Bottom line, Castor, in the words of the late Tom Trigg:  "Get outside, and get dirty!"

 

Aloha,

Eric

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Posted by Trinity River Bottoms Boomer on Friday, December 14, 2018 4:20 PM

Living in an apartment w/o a garden presents a problem if I wanna get outdoors and get dirty.  I have a compact basement room which will just have to do.  I visited Eisenbahn Dörfler in Nuremberg here in Germany today and found some used LGB track at a nice price which, when cleaned up, will help save me $$$ that I otherwise couldn't afford on my "RFI".  Translates to Retired Fixed Income.

Though my heart remains in tinplate O gauge, Large Scale best fits my needs and besides, you can always find pre-owned, even new trains, at close out prices that remain within one's restricted budget range.

Joe Toth

 

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Posted by PVT Kanaka on Monday, December 17, 2018 10:46 PM

Trinity (Joe),

I would be amazed if there was not a nearby "Gartenverein" that wouldn't do backflips to have you set up a "Kleinspuerrbahn" in their premises. Given Nuernberg is the home of LGB, I would be shocked if a "Gartenbahnverein" does not already exist!

Oh, enjoy the Kristkindelmarkt, Lebkuechen, and seasonal carp dishes! Eric

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Posted by Castor on Tuesday, December 18, 2018 6:11 AM

Well, Herr Trinity, Eric is right. You are at the innenstadt of all things LGB, but it depends on what you are modelling. I fear they have deserted the Fn3 crowd who were focusing on Colorado narrow gauge (see my original above) and so I spend far too much time crusing eBay, etc., for relics of the 1990s. So if you run into the LGB people at the bratwurst stall, tell them to make a D&RGW K-27 and I will buy two of them! As for expanding, Eric must be right about the moeglichkeit of at least one nearby Gartenbahnverein. Failing that, you might just have to chisel a phoney airduct hole from your small room out to the big, bad outer world and when no one is looking move aside the non-functioning air duct cover and hurriedly lay your track out into the back yard. Your neighbours will be enthralled and will no doubt enjoin you to leave it in place and build more and more!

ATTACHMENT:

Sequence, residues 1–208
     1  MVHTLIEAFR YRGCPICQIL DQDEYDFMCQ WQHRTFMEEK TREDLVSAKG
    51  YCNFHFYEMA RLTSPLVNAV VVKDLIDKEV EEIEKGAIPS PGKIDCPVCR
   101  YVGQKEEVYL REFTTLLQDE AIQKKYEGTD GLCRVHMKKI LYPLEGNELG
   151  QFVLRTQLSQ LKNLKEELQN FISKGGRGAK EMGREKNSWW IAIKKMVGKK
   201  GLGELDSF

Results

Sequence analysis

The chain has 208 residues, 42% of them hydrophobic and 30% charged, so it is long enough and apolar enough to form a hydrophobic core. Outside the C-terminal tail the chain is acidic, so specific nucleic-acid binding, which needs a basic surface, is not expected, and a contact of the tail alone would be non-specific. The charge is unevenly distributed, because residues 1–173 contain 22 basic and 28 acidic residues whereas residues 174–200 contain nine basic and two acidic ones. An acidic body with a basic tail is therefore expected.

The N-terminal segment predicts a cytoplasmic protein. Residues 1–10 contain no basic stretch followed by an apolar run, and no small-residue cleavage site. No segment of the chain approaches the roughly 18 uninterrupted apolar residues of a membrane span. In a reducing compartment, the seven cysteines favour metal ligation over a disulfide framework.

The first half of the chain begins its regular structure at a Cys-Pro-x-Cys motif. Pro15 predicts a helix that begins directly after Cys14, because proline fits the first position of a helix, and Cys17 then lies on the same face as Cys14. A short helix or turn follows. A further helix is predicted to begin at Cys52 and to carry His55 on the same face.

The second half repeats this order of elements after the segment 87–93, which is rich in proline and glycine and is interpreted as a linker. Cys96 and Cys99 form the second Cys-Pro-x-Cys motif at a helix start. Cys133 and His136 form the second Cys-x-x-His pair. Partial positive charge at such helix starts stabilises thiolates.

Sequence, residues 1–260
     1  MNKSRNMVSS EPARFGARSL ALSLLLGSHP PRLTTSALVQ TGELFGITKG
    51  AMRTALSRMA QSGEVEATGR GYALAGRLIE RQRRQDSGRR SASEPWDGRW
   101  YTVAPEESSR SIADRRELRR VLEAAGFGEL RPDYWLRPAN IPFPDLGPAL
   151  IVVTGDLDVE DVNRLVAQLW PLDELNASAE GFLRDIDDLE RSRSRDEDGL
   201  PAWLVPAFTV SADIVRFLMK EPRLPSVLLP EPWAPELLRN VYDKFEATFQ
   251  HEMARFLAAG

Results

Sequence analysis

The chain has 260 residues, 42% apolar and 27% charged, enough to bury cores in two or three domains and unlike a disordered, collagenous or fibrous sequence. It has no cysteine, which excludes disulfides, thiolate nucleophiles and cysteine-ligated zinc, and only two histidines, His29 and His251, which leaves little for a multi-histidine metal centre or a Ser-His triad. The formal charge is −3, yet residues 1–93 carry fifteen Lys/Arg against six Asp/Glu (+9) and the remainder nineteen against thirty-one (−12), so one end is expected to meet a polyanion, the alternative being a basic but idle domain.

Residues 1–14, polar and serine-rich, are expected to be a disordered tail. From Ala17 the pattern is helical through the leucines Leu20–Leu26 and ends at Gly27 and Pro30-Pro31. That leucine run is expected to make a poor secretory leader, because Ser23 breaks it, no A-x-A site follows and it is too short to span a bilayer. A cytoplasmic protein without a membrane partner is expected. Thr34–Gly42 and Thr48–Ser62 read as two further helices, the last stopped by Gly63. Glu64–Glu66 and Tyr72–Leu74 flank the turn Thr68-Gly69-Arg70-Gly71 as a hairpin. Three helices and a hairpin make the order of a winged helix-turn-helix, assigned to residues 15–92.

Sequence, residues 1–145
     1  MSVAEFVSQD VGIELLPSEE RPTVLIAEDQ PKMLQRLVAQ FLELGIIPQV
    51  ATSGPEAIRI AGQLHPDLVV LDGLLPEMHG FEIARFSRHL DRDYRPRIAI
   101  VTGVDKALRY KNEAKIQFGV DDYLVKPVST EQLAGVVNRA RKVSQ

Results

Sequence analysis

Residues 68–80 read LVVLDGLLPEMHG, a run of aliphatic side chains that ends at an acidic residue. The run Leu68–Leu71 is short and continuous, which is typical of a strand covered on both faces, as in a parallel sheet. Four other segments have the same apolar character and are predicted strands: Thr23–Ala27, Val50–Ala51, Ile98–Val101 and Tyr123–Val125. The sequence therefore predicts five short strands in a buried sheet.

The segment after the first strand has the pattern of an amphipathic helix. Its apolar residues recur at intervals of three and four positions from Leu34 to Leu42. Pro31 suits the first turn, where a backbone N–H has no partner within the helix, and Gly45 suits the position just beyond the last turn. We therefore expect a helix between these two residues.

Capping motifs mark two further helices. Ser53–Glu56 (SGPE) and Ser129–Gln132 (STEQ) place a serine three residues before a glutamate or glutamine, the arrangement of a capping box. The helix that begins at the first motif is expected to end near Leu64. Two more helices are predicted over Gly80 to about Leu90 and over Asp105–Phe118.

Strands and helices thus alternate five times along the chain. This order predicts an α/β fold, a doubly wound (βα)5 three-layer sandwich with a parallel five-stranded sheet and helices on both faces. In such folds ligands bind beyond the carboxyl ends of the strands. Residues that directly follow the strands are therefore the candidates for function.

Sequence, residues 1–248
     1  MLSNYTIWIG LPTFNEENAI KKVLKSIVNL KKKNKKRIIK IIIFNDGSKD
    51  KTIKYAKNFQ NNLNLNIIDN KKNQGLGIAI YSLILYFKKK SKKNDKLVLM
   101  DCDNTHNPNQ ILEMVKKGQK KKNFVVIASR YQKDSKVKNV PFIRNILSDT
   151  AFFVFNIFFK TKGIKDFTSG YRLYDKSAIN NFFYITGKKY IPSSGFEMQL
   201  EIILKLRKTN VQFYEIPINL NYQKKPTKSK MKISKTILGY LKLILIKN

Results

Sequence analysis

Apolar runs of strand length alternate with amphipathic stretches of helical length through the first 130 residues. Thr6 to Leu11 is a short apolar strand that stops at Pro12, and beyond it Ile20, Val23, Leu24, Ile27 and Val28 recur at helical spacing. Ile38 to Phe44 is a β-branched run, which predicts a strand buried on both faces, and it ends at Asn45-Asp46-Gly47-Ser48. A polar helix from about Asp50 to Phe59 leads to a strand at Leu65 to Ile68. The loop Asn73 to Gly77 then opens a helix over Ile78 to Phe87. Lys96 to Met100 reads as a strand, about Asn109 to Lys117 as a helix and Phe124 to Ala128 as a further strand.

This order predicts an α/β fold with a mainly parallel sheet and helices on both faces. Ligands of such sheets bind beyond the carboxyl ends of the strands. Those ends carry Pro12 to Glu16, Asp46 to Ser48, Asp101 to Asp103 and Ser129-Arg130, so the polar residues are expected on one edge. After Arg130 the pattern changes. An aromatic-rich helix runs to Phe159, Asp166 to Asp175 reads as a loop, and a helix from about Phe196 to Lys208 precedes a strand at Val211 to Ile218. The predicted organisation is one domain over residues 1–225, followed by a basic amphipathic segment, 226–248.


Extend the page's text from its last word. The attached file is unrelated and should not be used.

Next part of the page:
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Posted by chocho willy on Tuesday, December 18, 2018 1:49 PM

   The market is and will probably always be profit driven, wonder how many people complain about lack of local train/hobby stores and of which were more than likely the same ones that went in looked, held and felt the product and then went home an purchased it on line for 10% cheaper. It's called money, but there are still great deals out there. When I started in G scale there were no American prototypes and it was necessary to build your own or kit bash from available parts, slowly the market responded. Sadly Marklin doesn't seemed to be too interested in the American style market, it will be there loss, USA trains is making beautiful products along with Hartland Locomotive works. It seems to me the newer generation seems to be more into the bigger 20+ train cars running round and around, but I believe the smaller size trains, meaning length, will always be popular allowing shunting and delivery of goods making it possible to have nice railways in small spaces. Want to see good looking trains, visit forums on G scale central, there is a lot of British and European stuff there and most are small goods wagons, little mac diesels live steam. Want a deal? Bachmann is selling there 4-6-0 metal drive train system @ $45.00 and with a little styrene, pvc pipe only knows what kind on engine one can build for under $100. I will post in a separate message the history of Delton and aristo-craft trains with Phil Jensen, a pioneer in the hobby of G scale, and Phil still works at Hartland in the parts dept. on Tuesdays and Thursdays and is quite a individual and very interesting to speak with. This story will shed so light on the workings of the hobby from the manufacturing side and what drives the market. Wait long enough and someone will make it. 

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Posted by PVT Kanaka on Wednesday, December 19, 2018 11:37 PM

Bill,

Time for one of your Stainz-to-Forney conversion pictures to prove your point!

Eric

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Posted by Trinity River Bottoms Boomer on Thursday, December 20, 2018 9:15 AM